THE VICTORIOUS DISCIPLE
In our struggle to be a disciple of Jesus, one of the most scary passages in the entire Bible is this: “Let this mind be in you that was also in Christ Jesus” (Ph 2:5). The Holy Spirit then proceeds to explain what this “mind” was that was in Christ Jesus. He was before the incarnation “equal with God” (Ph 2:6). But “He humbled Himself and became obedient unto death, even the death of the cross” (Ph 2:8). It is the extremity of His will to do the will of the Father that amazes us. It was so extreme that, as God incarnate, He was willing to humiliate Himself on our behalf. If we would be His disciples, therefore, it seems that He has placed the “humility bar” so high that we could never achieve what He would expect of us. And this is where there is good news. “For by grace you are saved through faith, and that not of yourselves, it is the gift of God” (Ep 2:8). If one who is seeking to have the mind of Christ within, does not understand the grace of God that was poured out from the cross, then he will live in endless anxiety concerning his salvation. When it comes to having the mind of Christ, we must have a strong appreciation for the grace of God.
The greatest struggle of the disciple is humility, for such a character seems to work against our innate desire to be somebody and to do things our way. We see such among so many religious leaders throughout the religious world today. Every effort seems to be used to set one’s self apart to be someone who is somewhat. Fine suits are purchased. Gold chains are worn. Polished new shoes are paraded before the people. Collars are turned around and robes put on. The religious world is cluttered with pompous preachers, priests and popes who would parade themselves over and apart from the people. Many have forgotten that the bigger one makes himself before the people, the less God can use him as a servant of the people. David Livingstone once wrote, “God had an only son, and He was a missionary and a physician. A poor, poor imitation of Him I am, or wish to be.” It is the spirit of both the missionary and the physician to focus on others. There are few missionaries or physicians who come from the class of pompous preachers who masquerade themselves as servants of the people. We have too many “boardroom leaders” among us whose fingers suffer from paper cuts by handing out dictates from behind boardroom doors. If one seeks to be the director of slaves, then he must always stay humble by remembering that little men who try to wear big hats are always blinded.
We must not forget that the blessings for humble character development are not placed on shelves one above another, and the greater we think we are, the more we think we can reach. On the contrary, the blessings are on descending shelves one below another. And the lower we get the more blessings we can access. There are no smooth-handed leaders among the disciples. All our leaders’ hands have callouses. We must not make the mistake of thinking that humility comes by thinking low of ourselves. Humility comes by being honest with ourselves, and thus thinking truthfully about who we are. The humble disciples among us are discovered in the fields of toil, not in boardrooms.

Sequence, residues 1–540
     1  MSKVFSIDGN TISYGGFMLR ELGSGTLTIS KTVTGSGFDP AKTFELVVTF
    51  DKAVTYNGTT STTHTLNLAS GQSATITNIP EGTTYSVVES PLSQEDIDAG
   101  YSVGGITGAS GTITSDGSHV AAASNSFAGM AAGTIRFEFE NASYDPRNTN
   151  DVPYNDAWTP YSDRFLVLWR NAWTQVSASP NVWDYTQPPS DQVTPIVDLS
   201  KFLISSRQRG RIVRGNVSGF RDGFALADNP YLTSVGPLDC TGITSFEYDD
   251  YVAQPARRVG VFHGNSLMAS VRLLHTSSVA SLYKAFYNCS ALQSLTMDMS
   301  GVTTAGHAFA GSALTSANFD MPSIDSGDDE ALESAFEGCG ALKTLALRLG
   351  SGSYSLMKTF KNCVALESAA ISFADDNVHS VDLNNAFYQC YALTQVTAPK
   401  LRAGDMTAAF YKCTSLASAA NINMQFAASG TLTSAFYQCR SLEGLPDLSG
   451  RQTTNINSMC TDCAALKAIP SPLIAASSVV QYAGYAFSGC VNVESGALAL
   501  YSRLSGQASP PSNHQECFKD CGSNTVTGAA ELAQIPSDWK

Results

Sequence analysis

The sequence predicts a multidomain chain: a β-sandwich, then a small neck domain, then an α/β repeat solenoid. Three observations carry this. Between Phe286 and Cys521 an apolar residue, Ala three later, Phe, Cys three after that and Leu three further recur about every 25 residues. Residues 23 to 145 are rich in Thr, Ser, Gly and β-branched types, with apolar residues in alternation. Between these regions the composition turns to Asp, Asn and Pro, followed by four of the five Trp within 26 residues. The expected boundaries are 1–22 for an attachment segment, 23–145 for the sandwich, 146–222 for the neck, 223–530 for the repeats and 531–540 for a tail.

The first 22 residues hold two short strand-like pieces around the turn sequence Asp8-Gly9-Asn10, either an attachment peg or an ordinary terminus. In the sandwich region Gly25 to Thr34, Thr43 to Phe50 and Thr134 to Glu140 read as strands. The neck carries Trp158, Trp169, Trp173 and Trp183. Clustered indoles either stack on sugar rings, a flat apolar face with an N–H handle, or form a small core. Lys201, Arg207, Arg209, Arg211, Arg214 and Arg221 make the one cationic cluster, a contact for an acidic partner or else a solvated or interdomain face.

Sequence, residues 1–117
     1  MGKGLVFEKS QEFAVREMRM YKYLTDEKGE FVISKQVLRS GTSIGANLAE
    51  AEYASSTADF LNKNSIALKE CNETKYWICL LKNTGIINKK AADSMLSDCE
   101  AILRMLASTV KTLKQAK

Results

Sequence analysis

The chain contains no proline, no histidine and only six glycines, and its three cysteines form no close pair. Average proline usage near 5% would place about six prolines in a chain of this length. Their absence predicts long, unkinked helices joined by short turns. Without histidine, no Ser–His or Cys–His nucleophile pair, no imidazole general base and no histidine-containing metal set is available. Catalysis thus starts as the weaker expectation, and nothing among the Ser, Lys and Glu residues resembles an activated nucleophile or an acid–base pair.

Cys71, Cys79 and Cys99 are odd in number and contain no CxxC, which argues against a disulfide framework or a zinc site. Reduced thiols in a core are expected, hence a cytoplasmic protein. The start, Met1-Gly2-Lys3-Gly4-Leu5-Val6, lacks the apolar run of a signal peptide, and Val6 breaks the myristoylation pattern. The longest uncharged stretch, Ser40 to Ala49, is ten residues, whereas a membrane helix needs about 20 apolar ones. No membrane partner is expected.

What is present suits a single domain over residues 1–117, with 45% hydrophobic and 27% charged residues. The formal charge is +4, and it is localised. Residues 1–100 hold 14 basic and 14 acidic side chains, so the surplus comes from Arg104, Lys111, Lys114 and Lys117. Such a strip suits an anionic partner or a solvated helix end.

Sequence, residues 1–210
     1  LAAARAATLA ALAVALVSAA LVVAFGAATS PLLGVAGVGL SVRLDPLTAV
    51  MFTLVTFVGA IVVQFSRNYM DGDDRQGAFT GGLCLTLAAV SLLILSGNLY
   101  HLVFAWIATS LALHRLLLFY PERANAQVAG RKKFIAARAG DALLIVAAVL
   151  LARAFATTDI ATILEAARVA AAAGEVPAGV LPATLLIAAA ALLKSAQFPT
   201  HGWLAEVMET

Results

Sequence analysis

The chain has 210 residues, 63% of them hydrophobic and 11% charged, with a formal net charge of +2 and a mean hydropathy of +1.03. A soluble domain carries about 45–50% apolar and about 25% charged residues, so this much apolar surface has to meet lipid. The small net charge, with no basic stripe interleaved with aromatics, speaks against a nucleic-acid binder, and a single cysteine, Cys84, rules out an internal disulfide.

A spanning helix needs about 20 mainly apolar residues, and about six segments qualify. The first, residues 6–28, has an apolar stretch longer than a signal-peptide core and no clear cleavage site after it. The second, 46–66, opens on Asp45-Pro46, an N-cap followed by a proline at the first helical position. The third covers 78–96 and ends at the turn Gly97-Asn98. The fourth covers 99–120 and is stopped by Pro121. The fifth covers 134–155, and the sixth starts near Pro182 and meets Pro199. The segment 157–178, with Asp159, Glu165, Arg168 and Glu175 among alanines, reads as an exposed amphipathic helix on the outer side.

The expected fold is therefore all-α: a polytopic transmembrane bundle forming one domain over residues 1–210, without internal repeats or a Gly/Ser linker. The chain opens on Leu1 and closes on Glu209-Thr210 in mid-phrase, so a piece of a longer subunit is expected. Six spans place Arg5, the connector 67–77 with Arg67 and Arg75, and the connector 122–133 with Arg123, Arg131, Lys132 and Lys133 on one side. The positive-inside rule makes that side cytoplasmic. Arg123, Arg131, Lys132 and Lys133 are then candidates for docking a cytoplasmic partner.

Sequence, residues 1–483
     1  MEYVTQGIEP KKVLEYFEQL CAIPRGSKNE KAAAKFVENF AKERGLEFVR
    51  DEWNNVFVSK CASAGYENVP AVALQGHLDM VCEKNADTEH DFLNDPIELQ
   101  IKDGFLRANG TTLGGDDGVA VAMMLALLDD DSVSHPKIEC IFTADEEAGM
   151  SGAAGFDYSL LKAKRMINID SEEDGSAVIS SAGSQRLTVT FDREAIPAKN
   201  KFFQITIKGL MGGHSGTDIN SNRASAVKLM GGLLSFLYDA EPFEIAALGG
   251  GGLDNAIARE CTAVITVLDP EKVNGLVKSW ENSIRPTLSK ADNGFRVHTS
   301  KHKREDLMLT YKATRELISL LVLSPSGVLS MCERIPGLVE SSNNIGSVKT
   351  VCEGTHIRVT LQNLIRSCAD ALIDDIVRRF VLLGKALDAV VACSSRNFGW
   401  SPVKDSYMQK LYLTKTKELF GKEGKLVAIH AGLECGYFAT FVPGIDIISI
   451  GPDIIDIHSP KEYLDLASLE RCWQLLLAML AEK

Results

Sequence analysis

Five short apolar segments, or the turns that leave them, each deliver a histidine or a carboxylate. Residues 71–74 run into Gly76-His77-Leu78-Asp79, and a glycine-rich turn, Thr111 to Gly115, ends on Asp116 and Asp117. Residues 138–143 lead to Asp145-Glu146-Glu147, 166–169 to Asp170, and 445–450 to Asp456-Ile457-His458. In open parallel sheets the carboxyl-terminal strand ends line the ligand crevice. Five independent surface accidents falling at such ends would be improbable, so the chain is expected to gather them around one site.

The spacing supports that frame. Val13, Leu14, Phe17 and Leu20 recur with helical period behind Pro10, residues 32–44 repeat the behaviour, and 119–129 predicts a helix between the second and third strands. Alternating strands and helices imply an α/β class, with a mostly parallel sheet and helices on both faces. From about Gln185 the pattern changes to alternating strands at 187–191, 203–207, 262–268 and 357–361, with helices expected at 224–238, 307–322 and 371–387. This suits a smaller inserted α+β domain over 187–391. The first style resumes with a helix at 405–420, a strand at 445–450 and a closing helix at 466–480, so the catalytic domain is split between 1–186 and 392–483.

We would not be as the man who was given the badge for being the most humble man in the world, and then having it taken away from him when he wore it. We would seek to allow God to “put us in our place.” He did such with His only Son when He placed Him on a cross. This is what He also did with Israel when they exalted themselves to the point that they left Him. Isaiah spoke of the humiliation that they would experience in captivity. But once they were humbled, he spoke of their exaltation. God promised,
I dwell in the high and holy place with him also who is of a contrite and humble spirit in order to revive the spirit of the humble and to revive the heart of the contrite ones (Is 57:15).
Our desire to take the initiative on the road to humility is inspired by what both James and Peter wrote concerning the proud. James warned the proud, “God resists the proud, but gives grace to the humble” (Js 4:6). And then Peter defines the quest of every disciple who would seek to have the “mind of Christ”:
… all of you be submissive to one another and be clothed with humility, for God resists the proud and gives grace to the humble. Therefore, humble yourselves under the mighty hand of God so that He may exalt you at the proper time … (1 Pt 5:5,6).
What Peter seems to be saying is that the road to the grace of God is named “Humility Street.” No proud person can access the grace of God if he seeks to go down “Pride Street.” The reason the proud can never access grace, is that grace can be accepted only by those who know they can never make it on their own. When we seek to exalt ourselves, we cannot reach the grace of God. And without the grace of God we cannot dwell with Him in eternity, for only those of a contrite spirit will be there with the One who did not count Himself be equal with God a thing to maintain, but He humbled Himself even to the point of finding His predestined place on the cross for our benefit. It was on that old rugged cross where victory was found. Jesus became victorious over death in order to lead His disciples to be victorious over life. And thus, “this is the victory that overcomes the world, our faith” (1 Jn 5:4).